Lutheran Congregational Mercy Work Over the last 15 years there has been a renaissance of congregational mercy work across the congregations in the LCMS. Much of this resurgence was due to the leadership of President Rev. Matthew C. Harrison who…

The State and the Current State of Lutheranism: Serving the Poor Part 2

However, for almost two decades there has been an increased reliance on government funding NGOs. Many large faith-based organizations now get well over 50 percent of their annual income from the government funding sources and depend substantially on government budgets, election results, and political parties for funding their social work projects.

The State and the Current State of Lutheranism: Serving the Poor – Part 1

On January 29, 2001, President George W. Bush signed an executive order establishing The White House Office of Faith-Based and Community Initiatives (OFBCI).  Many non-government organizations (NGOs) including congregations, denominations, Social Service Organizations (SSOs), and LCMS Recognized Service Organizations (RSOs)…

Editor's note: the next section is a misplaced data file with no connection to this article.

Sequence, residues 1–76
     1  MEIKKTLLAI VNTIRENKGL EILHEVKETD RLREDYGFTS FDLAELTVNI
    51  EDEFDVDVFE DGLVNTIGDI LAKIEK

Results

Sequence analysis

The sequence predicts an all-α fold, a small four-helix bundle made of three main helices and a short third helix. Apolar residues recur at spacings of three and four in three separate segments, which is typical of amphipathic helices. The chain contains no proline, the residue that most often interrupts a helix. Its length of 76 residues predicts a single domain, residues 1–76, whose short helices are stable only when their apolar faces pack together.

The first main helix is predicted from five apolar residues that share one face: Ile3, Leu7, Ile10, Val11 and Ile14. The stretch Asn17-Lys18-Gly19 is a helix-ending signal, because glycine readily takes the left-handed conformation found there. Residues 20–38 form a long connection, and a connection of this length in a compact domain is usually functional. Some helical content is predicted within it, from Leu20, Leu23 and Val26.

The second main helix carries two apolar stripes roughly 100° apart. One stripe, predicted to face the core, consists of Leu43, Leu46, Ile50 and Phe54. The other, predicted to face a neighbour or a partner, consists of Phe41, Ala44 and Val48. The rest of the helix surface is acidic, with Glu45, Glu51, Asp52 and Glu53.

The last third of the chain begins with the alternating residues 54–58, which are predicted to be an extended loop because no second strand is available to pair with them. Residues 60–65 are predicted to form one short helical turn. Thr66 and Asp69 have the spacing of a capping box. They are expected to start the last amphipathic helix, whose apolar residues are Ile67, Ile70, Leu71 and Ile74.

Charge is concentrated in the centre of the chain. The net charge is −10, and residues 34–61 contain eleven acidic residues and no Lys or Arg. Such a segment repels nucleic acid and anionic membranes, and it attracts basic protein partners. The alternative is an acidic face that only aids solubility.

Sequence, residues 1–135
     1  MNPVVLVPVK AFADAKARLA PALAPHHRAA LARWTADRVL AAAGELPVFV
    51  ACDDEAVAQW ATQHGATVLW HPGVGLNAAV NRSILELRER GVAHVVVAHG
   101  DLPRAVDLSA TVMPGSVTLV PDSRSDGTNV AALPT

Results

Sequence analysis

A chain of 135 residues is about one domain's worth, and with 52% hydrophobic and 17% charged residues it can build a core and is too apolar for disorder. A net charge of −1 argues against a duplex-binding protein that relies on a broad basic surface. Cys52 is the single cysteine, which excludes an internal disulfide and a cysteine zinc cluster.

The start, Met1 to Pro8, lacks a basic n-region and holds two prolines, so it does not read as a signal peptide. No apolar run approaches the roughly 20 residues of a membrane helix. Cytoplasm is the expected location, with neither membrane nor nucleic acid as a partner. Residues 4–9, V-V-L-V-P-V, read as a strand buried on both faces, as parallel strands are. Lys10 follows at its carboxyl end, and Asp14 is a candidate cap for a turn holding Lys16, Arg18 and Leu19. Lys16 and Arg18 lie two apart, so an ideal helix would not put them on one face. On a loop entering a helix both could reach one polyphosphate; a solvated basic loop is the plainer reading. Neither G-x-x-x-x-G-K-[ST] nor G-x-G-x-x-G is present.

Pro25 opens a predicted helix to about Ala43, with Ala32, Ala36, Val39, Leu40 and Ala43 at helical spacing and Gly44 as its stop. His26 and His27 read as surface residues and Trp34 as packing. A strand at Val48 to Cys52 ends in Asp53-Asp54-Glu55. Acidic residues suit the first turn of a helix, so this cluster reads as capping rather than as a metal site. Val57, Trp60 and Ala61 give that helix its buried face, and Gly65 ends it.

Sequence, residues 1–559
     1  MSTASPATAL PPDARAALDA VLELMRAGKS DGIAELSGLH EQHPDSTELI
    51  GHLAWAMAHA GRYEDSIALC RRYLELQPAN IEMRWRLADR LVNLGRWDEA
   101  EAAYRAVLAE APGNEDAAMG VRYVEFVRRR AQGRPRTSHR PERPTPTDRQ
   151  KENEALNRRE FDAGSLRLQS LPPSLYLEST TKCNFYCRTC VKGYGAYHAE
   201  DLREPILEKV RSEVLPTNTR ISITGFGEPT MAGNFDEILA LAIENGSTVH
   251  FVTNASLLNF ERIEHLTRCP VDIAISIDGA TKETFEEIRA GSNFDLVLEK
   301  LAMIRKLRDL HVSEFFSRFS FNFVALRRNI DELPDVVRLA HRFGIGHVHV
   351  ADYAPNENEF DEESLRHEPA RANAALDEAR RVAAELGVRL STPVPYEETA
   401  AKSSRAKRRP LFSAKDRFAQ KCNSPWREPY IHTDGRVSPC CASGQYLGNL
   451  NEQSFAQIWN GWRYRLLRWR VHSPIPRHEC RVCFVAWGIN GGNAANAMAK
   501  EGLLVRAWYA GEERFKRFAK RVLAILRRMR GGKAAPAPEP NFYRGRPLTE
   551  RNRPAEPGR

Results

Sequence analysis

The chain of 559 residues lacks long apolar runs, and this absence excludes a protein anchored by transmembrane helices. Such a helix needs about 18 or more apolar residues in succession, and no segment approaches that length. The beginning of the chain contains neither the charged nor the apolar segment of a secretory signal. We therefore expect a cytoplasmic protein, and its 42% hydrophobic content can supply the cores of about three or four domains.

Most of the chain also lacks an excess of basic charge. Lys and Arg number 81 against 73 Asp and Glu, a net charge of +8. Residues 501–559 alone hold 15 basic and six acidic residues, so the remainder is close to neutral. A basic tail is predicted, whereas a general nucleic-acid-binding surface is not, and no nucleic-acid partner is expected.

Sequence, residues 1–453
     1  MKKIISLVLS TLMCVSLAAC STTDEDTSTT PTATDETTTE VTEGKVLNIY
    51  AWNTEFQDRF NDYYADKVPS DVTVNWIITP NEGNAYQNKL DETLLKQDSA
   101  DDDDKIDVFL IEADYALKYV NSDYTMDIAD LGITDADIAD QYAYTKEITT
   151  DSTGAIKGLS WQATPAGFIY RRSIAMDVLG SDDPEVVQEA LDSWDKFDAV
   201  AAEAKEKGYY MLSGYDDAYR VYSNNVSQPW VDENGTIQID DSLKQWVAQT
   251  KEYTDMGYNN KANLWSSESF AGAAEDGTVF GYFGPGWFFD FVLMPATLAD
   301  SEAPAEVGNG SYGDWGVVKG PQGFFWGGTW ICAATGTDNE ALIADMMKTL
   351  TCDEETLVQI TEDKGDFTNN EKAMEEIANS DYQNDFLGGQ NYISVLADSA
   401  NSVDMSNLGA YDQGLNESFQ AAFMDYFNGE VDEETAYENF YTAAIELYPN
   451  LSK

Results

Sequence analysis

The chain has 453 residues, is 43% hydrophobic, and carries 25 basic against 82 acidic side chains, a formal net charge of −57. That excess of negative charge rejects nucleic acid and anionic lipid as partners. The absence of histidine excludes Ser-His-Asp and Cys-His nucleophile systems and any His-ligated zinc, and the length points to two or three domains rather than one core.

Long Term Disaster Response Is Not Glamorous

The fact is that long term rebuilding is difficult and is not glamorous. However, LCMS Disaster Response is committed to helping communities rebuild for up to three years after a disaster has torn apart lives and homes. LCMS congregations are anchors in their community. They serve as a lighthouse of the Gospel and they can be a mercy center for helping others in a time of need.

Is Your Family Ready?

Families must be able to cope with disaster by preparing and working as a team. Maintaining a ready supply of food, water, hygiene, health items and a few basic tools can go a long way to making sure your family can take care of itself for a few days without outside help.

Organizing a Disaster Response Training Event in Your Congregation

For almost a decade LCMS Disaster Response has been training Lutheran Early Response Teams (LERT). In fact, there are over 14,000 trained LERT members across the LCMS. I am often asked how we can get a LERT training event at my church and what should I expect during the training.